John Etheridge is regarded by many a musician in the business as one of the world’s finest guitar players, having pioneered the way for jazz fusion during the 1970s with the British band The Soft Machine.
The vast list of high-profile artists John Etheridge has worked with includes the likes of Andy Summers, Nigel Kennedy, Stéphane Grappelli, Danny Thompson, Dizzy Gillespie, Yehudi Menuhin, John Williams and even Hawkwind, all of whom have witnessed the speed at which Etheridge can play and his ability to deliver a high level of instrument technique and tone.
Like many top jazz players, John has spent decades touring and honing his craft on classic solid, big bodied semi-acoustic and archtop guitars.
“During the early period of The Soft Machine, around 1975, I was using a ’62 Fender Stratocaster, which I had bought from bassist Dek Messecar when we were both in the band Darryl Way’s Wolf,” explains John.
“I used that Strat for ages and it was on the ’76 album called Softs, which has recently been reissued. I have two here, a ’64 sunburst and a ’62, which has been taken back to the wood. I have friends who have had Les Pauls and Strats from the 50s and 60s, some are great and some are absolutely horrible. These two Strats are stunning, they both play beautifully, whilst sonically they are very individual.”
“A Strat is arguably the quintessential guitar, and there’s no need to sing its praises here, but whilst I really liked the sound, it just wasn’t the right guitar physically for my playing.”
“As soon as I changed to a Gibson I found my right hand was more relaxed and I could play faster. I was familiar with the neck profile, as I’d been playing an SG from the age of 15, so I graduated from a Strat to a three-pickup Gibson SG Type 2 Custom. I adored that guitar, it had a really fast neck, but it was stolen in Paris in August 1977.”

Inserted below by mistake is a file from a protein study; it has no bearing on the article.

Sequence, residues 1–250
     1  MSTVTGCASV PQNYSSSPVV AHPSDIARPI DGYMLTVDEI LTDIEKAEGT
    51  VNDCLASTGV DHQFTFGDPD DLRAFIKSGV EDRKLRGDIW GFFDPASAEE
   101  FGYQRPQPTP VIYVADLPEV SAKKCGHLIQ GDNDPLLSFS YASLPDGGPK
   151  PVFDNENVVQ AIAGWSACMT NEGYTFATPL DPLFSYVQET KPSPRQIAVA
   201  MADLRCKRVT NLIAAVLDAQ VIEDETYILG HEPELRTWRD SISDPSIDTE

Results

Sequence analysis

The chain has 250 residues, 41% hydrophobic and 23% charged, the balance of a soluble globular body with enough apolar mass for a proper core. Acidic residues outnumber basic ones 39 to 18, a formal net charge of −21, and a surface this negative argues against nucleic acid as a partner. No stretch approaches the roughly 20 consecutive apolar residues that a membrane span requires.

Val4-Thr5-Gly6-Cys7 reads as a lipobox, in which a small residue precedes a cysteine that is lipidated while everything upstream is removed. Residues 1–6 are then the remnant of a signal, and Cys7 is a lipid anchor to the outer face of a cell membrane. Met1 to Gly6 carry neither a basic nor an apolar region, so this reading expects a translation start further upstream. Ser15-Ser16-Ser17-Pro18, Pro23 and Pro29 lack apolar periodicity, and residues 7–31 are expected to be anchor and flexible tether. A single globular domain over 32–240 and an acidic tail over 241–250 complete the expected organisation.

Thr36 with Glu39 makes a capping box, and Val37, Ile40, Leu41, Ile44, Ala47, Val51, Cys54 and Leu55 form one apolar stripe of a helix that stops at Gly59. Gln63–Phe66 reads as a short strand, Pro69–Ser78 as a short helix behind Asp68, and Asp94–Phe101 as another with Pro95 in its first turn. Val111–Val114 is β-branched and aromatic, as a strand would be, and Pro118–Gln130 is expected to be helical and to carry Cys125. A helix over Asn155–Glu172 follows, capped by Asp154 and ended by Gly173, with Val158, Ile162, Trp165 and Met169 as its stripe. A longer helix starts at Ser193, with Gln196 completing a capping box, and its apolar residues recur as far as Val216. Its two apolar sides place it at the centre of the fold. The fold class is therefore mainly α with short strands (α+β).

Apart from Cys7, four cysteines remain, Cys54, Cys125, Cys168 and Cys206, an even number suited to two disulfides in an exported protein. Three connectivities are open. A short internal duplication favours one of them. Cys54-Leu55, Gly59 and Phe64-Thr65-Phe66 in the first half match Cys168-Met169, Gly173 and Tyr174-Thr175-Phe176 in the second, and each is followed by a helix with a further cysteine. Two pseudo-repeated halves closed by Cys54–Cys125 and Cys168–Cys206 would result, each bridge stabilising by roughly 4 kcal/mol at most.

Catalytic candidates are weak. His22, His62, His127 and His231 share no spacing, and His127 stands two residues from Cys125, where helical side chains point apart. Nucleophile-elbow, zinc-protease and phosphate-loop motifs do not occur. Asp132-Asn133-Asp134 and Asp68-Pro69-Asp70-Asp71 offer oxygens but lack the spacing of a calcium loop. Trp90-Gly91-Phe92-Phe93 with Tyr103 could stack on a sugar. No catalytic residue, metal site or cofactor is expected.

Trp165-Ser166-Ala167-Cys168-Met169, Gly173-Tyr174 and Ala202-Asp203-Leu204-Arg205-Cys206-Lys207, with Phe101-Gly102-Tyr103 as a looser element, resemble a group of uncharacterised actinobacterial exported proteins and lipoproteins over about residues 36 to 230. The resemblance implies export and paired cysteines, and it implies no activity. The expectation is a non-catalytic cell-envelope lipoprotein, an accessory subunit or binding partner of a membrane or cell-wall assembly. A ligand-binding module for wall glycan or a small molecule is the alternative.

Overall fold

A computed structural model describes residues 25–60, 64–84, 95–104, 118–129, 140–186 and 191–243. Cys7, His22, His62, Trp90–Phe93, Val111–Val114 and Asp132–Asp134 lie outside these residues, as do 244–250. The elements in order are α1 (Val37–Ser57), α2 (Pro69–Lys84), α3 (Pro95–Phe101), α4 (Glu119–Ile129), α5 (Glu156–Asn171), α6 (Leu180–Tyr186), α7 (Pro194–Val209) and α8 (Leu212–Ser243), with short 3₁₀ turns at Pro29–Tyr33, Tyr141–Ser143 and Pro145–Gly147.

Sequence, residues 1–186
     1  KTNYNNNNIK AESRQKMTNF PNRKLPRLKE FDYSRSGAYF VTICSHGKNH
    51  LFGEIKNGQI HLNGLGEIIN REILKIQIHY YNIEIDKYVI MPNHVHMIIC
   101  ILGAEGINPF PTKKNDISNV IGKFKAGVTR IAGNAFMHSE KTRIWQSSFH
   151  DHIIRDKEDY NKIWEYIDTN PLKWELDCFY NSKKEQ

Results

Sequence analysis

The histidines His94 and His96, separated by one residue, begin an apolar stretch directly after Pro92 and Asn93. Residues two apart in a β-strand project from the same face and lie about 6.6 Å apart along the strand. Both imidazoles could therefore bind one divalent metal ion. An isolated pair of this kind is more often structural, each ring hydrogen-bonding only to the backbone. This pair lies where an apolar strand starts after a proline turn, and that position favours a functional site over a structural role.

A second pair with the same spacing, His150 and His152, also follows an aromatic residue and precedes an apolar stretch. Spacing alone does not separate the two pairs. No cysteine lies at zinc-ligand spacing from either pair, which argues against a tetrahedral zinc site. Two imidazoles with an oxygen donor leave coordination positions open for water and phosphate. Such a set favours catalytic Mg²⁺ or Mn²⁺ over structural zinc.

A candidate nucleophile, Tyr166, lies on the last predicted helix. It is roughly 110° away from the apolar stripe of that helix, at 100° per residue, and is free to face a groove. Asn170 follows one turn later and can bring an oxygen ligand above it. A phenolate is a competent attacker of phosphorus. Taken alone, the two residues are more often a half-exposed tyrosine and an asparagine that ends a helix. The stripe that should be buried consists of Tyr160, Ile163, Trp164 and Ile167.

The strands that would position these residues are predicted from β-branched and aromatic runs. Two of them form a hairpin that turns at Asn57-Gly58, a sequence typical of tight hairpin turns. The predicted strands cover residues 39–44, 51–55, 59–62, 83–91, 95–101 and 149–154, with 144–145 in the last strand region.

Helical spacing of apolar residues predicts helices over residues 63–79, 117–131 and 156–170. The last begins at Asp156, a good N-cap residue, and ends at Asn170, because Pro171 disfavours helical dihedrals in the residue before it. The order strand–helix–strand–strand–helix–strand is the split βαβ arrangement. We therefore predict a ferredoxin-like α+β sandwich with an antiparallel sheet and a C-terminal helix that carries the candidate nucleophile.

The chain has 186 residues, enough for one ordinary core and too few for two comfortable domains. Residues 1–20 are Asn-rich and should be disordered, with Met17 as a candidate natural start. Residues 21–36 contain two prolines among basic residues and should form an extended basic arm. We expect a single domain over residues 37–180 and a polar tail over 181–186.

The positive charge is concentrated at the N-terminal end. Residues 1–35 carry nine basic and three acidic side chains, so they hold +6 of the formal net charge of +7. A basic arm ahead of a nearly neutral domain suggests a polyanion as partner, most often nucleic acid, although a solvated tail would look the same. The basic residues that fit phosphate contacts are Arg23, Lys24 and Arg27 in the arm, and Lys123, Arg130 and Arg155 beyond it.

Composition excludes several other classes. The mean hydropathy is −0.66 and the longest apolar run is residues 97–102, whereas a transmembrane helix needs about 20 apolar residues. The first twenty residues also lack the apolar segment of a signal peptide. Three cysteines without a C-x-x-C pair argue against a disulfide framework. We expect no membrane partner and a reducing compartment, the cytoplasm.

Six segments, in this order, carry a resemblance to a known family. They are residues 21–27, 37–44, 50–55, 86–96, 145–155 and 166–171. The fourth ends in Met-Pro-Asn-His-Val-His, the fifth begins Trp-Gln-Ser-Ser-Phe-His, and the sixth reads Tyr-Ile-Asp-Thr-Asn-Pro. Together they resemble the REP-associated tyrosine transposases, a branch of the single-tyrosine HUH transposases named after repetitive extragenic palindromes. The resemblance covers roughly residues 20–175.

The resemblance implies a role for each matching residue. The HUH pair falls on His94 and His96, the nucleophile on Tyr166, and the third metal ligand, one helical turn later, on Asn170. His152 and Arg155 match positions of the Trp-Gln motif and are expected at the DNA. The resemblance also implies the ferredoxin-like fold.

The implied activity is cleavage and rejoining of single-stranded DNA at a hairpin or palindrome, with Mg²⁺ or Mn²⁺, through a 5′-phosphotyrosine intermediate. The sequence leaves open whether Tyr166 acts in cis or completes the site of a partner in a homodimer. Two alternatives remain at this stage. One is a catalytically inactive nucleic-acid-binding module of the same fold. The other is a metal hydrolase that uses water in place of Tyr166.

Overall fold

“I searched high and low for a replacement, but there were very few to be found. I bought a ’61 Les Paul Custom as a stop-gap. It had been sprayed black, so I had it refinished back to white and added a third humbucker and a Vibrola system as well. I believe I paid far too much for this one.”
“Eventually, this 60s Gibson SG Custom in walnut was the closest I could find to the stolen model, which I tried to emulate by adding black pickup surrounds and a gold-plated Vibrola system. There’s only one original humbucker here as well, I think the middle and bridge units are Seymour Duncan.”
John’s incredibly fast playing technique requires anchoring his little finger on the scratchplate for support.
“You’ll notice on the walnut SG that I piggy-backed another scratchplate on top of the original, so I had a little extra height for the little finger of my strumming hand.”
“I played an SG for years, they’re great rock guitars, but I started to find mid-60s necks too narrow for my style. I moved forward years ago and started to play guitars which I felt valued my style of playing within sound and playability. I still love Fender guitars, but by nature I am a Gibson player. I think a lot of players out there are on the wrong guitar, if you know what I mean.”